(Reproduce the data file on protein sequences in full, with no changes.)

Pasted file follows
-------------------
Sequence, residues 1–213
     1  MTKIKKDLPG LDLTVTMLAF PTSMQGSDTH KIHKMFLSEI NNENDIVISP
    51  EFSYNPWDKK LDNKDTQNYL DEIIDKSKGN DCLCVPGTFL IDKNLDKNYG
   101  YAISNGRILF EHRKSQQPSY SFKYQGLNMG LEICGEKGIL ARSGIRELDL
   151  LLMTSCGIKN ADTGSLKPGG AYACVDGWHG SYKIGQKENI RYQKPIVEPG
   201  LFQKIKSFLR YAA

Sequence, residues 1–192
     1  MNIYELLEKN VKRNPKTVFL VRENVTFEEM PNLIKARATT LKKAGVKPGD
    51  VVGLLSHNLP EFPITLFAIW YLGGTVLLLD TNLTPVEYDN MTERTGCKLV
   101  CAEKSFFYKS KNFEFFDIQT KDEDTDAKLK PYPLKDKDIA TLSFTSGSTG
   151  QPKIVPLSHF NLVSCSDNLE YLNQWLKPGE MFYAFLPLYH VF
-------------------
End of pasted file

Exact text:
Sequence, residues 1–213
     1  MTKIKKDLPG LDLTVTMLAF PTSMQGSDTH KIHKMFLSEI NNENDIVISP
    51  EFSYNPWDKK LDNKDTQNYL DEIIDKSKGN DCLCVPGTFL IDKNLDKNYG
   101  YAISNGRILF EHRKSQQPSY SFKYQGLNMG LEICGEKGIL ARSGIRELDL
   151  LLMTSCGIKN ADTGSLKPGG AYACVDGWHG SYKIGQKENI RYQKPIVEPG
   201  LFQKIKSFLR YAA

Sequence, residues 1–192
     1  MNIYELLEKN VKRNPKTVFL VRENVTFEEM PNLIKARATT LKKAGVKPGD
    51  VVGLLSHNLP EFPITLFAIW YLGGTVLLLD TNLTPVEYDN MTERTGCKLV
   101  CAEKSFFYKS KNFEFFDIQT KDEDTDAKLK PYPLKDKDIA TLSFTSGSTG
   151  QPKIVPLSHF NLVSCSDNLE YLNQWLKPGE MFYAFLPLYH VF